Although some might disagree concerning this crucial right’s divine origin, most Americans would applaud our nation’s track record of defending the right of all to worship or not worship as they see fit.
But some of the president’s views on religious liberty have left even many believers uncomfortable. He declared in his next sentence at the prayer breakfast: “That is why I will get rid of and totally destroy the Johnson Amendment and allow our representatives of faith to speak freely and without fear of retribution.”
Granted the president’s stridency, many may be surprised to discover that the Johnson Amendment isn’t about our right to worship (or not worship) as we choose. Nor is it about freedom of religious speech. Rather, it’s about the criteria any nonprofit must satisfy to qualify for a significant government “subsidy.”
It works like this: Throughout its history, our government has sought to encourage certain practices by offering subsidies to individuals and organizations. The subsidy may come in the form of monetary handouts, but more often it involves reduction or elimination of taxes.
In general, nonprofits offer many services that the government wants to encourage — services that benefit the community and lighten the government’s workload. Thus the first national income-tax law, passed in 1913, granted tax exemption to “any corporation or association organized and operated exclusively for religious, charitable, scientific, or educational purposes…”
The Johnson Amendment, introduced by then-Sen. Lyndon B. Johnson and passed in 1954, simply clarifies and codifies what the government is and isn’t willing to subsidize. In essence, the government says: We’re delighted to subsidize the prime purpose for which we granted you nonprofit status. We think your contribution to the community justifies our willingness to waive taxes that would otherwise be coming to us. But we aren’t prepared to grant tax exemptions for political advocacy.
Remember, the Johnson Amendment applies equally to all nonprofits. Religion isn’t singled out for greater restrictions. Moreover, any group can address any issues that concern it. But what it can’t do if it wants to retain its tax-exempt status is officially endorse candidates and/or political parties.
Although the “restriction” applies to all nonprofits, some religious leaders are claiming religious persecution, infringement on freedom of worship and the muzzling of free speech. Thus lawmakers are now considering legislation that would allow all 501(c)(3) organizations (nonprofits) to endorse political candidates — as long as any associated spending is “minimal.”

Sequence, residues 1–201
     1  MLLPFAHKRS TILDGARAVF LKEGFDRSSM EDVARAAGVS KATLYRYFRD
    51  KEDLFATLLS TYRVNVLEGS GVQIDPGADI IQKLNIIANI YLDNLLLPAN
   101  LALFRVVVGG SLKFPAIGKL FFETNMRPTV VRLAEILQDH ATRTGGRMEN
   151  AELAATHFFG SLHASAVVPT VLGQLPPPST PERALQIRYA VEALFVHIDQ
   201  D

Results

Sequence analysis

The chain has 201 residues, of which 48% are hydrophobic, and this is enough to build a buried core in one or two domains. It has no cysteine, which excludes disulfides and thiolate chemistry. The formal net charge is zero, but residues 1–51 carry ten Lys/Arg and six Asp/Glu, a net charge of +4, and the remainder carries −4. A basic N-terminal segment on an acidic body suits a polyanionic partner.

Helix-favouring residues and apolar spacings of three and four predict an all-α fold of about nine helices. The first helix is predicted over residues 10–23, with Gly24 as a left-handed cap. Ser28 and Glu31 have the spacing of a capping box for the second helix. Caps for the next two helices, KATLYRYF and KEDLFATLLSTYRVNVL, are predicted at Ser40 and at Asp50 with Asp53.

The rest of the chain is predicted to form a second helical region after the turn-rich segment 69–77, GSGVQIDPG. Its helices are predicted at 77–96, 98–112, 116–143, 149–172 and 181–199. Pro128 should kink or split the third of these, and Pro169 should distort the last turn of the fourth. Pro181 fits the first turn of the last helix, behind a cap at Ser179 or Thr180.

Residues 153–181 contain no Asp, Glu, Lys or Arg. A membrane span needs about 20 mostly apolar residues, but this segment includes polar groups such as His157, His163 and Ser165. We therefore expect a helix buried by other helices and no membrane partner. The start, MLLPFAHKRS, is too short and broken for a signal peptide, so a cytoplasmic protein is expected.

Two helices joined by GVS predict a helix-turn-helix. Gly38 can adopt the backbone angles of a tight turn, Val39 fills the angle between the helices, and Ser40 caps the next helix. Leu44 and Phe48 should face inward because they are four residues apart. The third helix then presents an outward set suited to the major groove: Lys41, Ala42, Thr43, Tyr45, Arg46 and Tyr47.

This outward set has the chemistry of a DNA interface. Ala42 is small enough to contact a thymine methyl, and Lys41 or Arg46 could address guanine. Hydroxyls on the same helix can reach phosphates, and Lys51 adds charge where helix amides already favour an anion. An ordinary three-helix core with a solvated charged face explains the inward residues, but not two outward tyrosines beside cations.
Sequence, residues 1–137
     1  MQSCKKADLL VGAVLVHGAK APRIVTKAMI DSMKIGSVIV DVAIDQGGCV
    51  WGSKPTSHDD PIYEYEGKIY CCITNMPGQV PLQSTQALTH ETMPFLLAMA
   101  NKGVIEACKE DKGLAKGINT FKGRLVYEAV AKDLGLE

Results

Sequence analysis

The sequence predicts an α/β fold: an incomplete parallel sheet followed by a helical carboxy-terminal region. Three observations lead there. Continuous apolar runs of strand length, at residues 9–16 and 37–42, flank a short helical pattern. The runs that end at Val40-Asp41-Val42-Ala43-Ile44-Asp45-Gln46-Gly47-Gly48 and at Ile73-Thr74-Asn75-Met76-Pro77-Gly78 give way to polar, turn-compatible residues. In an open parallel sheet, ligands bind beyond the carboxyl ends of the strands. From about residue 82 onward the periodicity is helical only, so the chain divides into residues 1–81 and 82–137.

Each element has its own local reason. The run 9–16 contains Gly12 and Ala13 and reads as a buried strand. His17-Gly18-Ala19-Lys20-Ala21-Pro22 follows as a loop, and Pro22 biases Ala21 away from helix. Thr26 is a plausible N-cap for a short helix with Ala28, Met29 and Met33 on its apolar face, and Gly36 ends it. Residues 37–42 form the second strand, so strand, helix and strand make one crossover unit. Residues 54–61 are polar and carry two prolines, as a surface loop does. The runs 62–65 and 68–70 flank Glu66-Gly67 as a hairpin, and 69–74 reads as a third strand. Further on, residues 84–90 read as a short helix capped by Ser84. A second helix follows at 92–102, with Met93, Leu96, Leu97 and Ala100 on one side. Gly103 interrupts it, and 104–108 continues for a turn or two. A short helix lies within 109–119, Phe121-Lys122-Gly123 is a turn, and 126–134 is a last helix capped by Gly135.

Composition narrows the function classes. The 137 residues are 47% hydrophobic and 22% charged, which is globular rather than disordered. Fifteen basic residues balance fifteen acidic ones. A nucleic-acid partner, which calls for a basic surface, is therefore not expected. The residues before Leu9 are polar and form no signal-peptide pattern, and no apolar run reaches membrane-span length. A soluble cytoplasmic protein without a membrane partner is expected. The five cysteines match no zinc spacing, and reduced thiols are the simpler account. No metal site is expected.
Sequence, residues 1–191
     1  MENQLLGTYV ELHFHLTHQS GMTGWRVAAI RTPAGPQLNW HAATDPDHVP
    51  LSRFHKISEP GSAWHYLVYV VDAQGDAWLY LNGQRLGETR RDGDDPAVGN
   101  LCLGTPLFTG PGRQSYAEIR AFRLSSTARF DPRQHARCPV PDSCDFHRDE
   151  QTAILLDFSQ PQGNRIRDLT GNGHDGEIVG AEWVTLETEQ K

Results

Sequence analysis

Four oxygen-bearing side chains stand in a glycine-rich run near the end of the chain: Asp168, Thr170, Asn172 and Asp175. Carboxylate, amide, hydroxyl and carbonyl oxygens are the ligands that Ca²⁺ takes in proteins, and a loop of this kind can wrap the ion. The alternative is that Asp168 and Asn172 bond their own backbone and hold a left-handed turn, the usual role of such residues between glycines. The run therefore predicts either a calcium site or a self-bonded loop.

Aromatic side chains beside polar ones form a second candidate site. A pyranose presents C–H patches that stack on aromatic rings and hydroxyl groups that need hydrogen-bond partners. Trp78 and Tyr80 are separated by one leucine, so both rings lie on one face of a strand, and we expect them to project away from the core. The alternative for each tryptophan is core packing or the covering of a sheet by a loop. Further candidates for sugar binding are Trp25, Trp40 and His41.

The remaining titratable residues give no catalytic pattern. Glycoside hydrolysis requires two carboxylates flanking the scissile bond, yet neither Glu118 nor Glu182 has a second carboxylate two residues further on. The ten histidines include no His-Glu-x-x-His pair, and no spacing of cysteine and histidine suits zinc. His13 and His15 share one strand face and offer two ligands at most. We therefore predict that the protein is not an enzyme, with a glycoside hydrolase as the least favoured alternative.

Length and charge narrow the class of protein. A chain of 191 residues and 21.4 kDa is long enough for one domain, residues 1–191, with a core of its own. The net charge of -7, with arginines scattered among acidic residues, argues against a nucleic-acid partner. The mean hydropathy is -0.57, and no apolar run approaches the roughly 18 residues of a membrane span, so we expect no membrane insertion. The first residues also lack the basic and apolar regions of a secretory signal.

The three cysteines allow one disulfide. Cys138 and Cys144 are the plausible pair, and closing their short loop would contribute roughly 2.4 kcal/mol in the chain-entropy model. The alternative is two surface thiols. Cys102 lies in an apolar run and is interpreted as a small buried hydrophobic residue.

But our lawmakers may be overlooking the “law” of unintended consequences. While some religious leaders may chafe at not being able to endorse candidates or political parties, I predict that being able to do so would have a major negative impact on the faith community in general.
I suggest the Johnson Amendment — to the degree it has been honored — has helped preserve the spiritual credibility of faith communities and their leaders by not allowing them to openly and officially put their stamp of approval on any candidate or political party. Thus, they don’t have to routinely come up with lame excuses and hokey explanations about why it’s OK to campaign for a candidate whose behavior is diametrically opposed to the standards advocated every week within their faith community.
Especially the young — who seem to come with inbuilt hypocrisy meters — find it impossible to understand how the behaviors that are declared spiritual and moral anathema for them become inconsequential when enthusiastically engaged in by candidates and political parties.
R. Albert Mohler Jr., president of The Southern Baptist Theological Seminary, asked concerning our recent election: “Is it worth destroying our moral credibility to support someone who is beneath the baseline level of human decency for anyone who should deserve our vote?”
That question will become even more crucial should repeal of the Johnson Amendment give religion unfettered-but-still-subsidized involvement in the political process.
My real fear for the faith community is aptly stated in the well-known adage, “Be careful what you wish for — because you just might get it.”
James Coffin is executive director of the Interfaith Council of Central Florida.